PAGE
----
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6 Essential Oils Proven to Help Calm Inflammation

Inflammation is the root of many common health problems. In some instances, inflammation is your body’s way of speeding up the healing process—like after you twist your ankle. The area might be painful, warm, and red. In other cases, inflammation doesn’t go away when it’s supposed to, or it’s present throughout your body chronically.

Are natural products proven to calm inflammation?

“Inflammation” has turned into something of a buzzword for the natural health industry. Take a stroll through the health and supplement aisle of your natural grocery store, and you’ll find a number of products claiming to address it. But not all of them are proven to calm inflammation by research.

A research study that was published in the Journal of Lipid Research explains how six essential oils help reduce inflammation. Researchers discovered six essential oils that suppress an enzyme that promotes the inflammatory response, the COX-2 enzyme

Six essential oils that earned gold stars for suppressing COX-2 were:

  • Thyme oi

  • Clove Oil

  • Rose Oil

  • Eucalyptus Oil

  • Fennel Oil

  • Bergamot Oil

Some of these oils come with their own safety concerns.

Like thyme oil, clove bud oil should be used at a low percentage — a maximum of .5 %. Bergamot oil is photo-toxic, meaning it can cause burning and blistering in sunlight. To be safe, use no more than 2 drops per 30 ml of carrier in topical blends. Fennel should only be used at about 2.5% (10 to 13 drops in 30 ml of carrier), and should be avoided altogether during pregnancy and breastfeeding.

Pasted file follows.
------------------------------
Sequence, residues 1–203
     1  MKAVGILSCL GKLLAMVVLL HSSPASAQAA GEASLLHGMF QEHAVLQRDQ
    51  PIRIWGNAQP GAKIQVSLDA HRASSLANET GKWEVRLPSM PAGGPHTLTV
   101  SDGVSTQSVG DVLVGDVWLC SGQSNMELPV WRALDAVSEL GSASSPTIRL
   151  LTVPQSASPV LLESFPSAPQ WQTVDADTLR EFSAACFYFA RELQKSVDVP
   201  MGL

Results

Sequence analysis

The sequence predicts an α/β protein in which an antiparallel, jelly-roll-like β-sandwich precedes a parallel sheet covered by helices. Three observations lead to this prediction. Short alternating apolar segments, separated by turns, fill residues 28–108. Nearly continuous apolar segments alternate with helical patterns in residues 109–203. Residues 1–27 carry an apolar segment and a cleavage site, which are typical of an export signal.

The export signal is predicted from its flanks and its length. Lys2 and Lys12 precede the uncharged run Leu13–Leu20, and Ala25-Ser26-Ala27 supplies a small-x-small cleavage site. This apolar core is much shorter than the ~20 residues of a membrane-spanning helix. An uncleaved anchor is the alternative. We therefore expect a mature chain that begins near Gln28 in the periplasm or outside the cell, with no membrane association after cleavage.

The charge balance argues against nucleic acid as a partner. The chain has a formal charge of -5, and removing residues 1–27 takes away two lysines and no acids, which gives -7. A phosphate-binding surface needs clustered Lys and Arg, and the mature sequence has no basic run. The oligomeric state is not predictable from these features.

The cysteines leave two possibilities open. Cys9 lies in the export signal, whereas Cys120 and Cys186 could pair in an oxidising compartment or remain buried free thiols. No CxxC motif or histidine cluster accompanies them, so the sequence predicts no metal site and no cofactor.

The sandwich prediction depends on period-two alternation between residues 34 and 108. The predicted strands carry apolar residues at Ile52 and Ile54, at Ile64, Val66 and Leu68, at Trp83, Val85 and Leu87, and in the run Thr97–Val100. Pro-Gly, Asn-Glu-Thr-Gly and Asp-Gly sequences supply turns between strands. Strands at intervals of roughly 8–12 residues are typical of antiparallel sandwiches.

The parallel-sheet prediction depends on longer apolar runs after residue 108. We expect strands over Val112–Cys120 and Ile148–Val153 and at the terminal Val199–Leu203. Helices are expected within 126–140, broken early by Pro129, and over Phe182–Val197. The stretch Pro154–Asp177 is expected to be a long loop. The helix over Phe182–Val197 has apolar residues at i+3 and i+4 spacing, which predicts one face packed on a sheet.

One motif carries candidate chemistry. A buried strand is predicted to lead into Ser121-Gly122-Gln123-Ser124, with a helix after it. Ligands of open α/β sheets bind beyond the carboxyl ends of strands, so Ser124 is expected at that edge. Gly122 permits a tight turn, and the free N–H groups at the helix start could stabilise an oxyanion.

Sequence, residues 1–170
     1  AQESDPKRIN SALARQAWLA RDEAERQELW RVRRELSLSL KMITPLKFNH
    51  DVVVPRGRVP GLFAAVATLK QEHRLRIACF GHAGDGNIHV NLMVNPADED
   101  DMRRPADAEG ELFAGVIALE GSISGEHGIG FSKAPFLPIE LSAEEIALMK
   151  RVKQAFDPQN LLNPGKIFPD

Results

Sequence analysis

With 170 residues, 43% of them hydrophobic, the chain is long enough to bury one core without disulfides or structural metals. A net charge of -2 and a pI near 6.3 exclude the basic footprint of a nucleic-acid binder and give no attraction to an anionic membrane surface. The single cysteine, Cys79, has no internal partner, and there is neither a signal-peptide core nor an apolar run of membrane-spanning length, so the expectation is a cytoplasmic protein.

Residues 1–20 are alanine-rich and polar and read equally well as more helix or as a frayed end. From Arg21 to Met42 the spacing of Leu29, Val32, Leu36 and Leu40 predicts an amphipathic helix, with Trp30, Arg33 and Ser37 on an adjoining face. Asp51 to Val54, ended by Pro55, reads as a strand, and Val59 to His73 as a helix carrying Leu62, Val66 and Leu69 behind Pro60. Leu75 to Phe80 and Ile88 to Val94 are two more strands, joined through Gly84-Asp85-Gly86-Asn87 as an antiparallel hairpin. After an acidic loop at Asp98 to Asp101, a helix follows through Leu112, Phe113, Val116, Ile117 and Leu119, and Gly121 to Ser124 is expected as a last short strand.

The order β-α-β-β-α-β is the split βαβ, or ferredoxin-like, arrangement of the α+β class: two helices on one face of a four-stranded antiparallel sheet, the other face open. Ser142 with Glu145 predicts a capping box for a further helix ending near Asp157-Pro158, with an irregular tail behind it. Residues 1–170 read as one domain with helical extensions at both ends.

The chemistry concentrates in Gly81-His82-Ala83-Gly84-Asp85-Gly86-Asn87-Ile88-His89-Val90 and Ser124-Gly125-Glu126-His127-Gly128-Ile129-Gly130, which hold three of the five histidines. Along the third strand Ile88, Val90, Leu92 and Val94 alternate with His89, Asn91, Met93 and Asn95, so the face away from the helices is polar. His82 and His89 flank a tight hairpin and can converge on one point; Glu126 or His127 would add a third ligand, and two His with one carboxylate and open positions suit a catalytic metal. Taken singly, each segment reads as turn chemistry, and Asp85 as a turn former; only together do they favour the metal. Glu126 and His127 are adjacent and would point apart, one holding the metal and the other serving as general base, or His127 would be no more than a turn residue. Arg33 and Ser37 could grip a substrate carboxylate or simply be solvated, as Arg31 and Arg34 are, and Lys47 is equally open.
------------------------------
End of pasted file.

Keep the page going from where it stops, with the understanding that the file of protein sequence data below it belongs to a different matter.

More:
A few more notes!

Another research study, which was published in BioMed Research International, examined the role of PPARs in calming inflammation. They determined that PPAR activators may be more effective in the initial phases of inflammation. Instead of stopping an active, painful case of inflammation, they help prevent more inflammation from arising. If you’re going to use these six essential oils in natural pain relief recipes, reach for them before the pain sets in, or be aware that they may take a little longer to help existing inflammation calm down.

What does this research mean for you?

These blends are best used in the short term. So turn to them for only your strongest pain relief needs, and be sure to use a low dilution no higher than about 1%. That’s about 5 drops of essential oil per 30 ml of carrier. Pay attention to your body’s response to these oils. If you start to notice redness or irritation, discontinue use. Wash the area with soap and water and then apply a carrier. Plain jojoba works well.

Only buy Essential Oils from a reputable source. Many essential oils on the market are heavily contaminated or adulterated with synthetic chemicals. If you’re buying essential oils, it means you want something completely natural and safe. Make sure that you don’t inadvertently buy something you think is natural but turns out to be synthetic. When you want essential oils that are safe and effective, the most important thing to look for is purity. Pure essential oils allow you to reap the full benefits that nature has to offer. They can support you, empower you, and revive you. And when using only the purest essential oils, you can be confident that they are safe to use with your family.

Remember, you usually get what you pay for, and essential oils are no different.

  • Hotta, M., Nakata, R., Katsukawa, M., Hori, K., Takahashi, S., Inoue, H. (2010) Carvacrol, a component of thyme oil, activates PPARa and y and suppresses COX-2 expression. Journal of Lipid Research. 51, 1, P132-139.

  • Tisserand, R. and Young, R. (2014) Essential Oil Safety 2nd Edition. Edinburgh: Churchill Livingstone.

  • Youssef, J., Badr, M. (2004) Role of Peroxisome Proliferator-Activated Receptors in Inflammation Control. BioMed Research International. V2004. 927276.

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